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Acta Trop. 2010 Jun;114(3):166-70. doi: 10.1016/j.actatropica.2009.07.008. Epub 2009 Jul 14.

Origins and spread of pfdhfr mutant alleles in Plasmodium falciparum.

Author information

  • Department of International Affairs and Tropical Medicine, Tokyo Women's Medical University School of Medicine, 9-1 Kawada-cho, Shinjuku-ku, Tokyo, Japan. hiro-tm@research.twmu.ac.jp

Abstract

The emergence and spread of Plasmodium falciparum parasite resistant to sulfadoxine and pyrimethamine (SP) poses a serious public health problem. Resistance is caused by point mutations in dihydrofolate reductase (pfdhfr) and dihydropteroate synthase (pfdhps), the two key enzymes in the folate biosynthetic pathway. The use of microsatellite markers flanking pfdhfr has recently shown that the invasion of limited resistant lineages may explain the widespread SP resistance in many endemic regions. In Africa, however, multiple indigenous origins of pfdhfr triple mutants have been demonstrated. More new independent lineages and routes of geographical spread of resistance may be found by further molecular evolutionary analyses using samples from various endemic regions. Here, I review recent studies about the history of SP usage and the evolution and spread of resistant lineages while addressing the technical issue of microsatellite analysis.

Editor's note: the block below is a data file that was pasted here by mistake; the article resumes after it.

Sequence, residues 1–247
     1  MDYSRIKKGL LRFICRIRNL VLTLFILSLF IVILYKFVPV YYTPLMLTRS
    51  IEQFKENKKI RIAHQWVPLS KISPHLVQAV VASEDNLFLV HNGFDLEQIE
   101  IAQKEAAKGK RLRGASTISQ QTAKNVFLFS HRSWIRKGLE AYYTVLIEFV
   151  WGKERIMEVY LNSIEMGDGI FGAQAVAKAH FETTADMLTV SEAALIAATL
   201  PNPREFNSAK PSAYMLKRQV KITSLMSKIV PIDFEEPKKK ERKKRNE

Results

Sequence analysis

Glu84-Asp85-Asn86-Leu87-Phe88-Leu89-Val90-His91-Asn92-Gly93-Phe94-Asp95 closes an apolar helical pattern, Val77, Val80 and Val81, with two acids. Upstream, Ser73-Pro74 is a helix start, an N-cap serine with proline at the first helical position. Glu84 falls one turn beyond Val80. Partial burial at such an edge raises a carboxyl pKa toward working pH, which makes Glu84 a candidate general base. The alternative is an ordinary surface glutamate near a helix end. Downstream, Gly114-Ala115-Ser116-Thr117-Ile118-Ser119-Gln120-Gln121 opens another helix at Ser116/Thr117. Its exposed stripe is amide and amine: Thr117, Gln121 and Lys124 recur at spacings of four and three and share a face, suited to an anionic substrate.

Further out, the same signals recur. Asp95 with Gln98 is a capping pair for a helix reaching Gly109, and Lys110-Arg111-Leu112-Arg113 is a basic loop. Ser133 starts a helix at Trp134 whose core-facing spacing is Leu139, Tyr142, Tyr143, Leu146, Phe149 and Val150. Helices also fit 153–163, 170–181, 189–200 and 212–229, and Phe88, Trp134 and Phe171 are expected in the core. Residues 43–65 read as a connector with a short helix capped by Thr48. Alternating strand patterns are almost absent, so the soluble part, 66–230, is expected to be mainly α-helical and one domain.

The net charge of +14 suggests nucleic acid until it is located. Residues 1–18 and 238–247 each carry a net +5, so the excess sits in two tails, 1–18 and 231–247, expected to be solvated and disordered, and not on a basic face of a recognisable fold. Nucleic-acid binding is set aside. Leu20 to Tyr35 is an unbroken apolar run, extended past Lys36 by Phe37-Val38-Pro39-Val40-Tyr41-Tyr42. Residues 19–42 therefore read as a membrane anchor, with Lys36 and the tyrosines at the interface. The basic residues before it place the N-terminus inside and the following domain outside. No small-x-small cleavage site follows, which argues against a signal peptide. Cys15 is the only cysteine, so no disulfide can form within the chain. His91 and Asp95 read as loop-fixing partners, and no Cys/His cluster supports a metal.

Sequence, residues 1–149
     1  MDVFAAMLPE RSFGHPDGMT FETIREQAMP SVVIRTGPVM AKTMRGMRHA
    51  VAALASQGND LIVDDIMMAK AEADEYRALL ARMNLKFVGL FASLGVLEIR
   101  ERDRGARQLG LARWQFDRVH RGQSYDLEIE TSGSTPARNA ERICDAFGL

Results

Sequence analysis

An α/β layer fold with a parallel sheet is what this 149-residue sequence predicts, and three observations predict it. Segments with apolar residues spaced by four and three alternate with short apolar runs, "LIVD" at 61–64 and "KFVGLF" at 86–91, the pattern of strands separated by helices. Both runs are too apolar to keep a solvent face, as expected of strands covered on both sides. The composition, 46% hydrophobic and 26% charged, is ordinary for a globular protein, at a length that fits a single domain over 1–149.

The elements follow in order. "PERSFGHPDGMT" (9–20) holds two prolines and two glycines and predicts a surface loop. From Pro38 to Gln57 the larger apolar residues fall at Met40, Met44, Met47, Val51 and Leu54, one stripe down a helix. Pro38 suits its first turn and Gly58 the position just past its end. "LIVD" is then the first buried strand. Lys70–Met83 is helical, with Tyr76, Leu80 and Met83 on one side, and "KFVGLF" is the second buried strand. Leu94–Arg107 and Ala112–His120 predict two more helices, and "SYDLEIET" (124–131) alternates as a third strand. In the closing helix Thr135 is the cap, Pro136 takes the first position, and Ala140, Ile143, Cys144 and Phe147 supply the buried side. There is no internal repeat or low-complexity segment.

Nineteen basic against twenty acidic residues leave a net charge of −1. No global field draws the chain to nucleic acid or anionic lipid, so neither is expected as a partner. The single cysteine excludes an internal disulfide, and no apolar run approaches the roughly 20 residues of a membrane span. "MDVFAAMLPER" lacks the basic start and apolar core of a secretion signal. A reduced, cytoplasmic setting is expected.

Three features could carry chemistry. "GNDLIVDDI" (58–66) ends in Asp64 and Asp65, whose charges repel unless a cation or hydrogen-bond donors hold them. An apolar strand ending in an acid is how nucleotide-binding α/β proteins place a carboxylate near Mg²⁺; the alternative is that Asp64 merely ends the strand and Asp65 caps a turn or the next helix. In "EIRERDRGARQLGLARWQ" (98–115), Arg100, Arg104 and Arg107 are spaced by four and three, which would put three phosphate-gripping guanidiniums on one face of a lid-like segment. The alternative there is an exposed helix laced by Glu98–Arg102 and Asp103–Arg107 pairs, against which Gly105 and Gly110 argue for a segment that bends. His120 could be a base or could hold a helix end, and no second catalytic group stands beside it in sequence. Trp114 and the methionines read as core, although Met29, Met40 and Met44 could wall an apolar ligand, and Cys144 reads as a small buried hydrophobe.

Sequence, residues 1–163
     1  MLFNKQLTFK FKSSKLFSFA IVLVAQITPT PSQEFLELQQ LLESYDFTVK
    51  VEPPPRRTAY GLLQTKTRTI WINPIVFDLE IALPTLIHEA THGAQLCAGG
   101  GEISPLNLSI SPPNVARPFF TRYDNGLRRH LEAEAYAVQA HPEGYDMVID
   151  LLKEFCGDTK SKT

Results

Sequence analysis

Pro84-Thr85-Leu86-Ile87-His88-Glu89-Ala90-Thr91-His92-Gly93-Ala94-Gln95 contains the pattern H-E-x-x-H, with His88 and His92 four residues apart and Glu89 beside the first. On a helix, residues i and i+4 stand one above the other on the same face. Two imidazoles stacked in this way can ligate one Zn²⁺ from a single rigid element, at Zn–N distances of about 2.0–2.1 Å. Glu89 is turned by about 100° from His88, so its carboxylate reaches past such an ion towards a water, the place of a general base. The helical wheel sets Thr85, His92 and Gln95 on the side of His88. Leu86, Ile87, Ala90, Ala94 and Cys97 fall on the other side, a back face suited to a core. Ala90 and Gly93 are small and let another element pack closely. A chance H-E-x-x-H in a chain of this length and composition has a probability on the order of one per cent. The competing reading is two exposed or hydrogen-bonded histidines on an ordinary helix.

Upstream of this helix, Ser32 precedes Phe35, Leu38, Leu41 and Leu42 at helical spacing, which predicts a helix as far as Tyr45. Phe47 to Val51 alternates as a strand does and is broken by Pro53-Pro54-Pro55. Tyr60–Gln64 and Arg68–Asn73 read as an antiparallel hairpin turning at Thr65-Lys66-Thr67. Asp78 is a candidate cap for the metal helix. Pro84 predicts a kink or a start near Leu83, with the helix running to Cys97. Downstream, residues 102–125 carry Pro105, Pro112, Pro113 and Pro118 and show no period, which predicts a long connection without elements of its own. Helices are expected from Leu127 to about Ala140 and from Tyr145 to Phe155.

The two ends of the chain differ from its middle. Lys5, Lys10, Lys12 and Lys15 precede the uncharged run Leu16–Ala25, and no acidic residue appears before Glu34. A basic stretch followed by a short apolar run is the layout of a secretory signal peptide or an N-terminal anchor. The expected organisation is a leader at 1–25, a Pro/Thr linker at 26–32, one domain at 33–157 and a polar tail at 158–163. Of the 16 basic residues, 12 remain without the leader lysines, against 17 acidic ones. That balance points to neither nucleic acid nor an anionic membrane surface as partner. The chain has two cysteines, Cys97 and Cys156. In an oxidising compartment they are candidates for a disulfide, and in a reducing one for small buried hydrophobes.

Copyright (c) 2009 Elsevier B.V. All rights reserved.

PMID:
19607799
[PubMed - indexed for MEDLINE]
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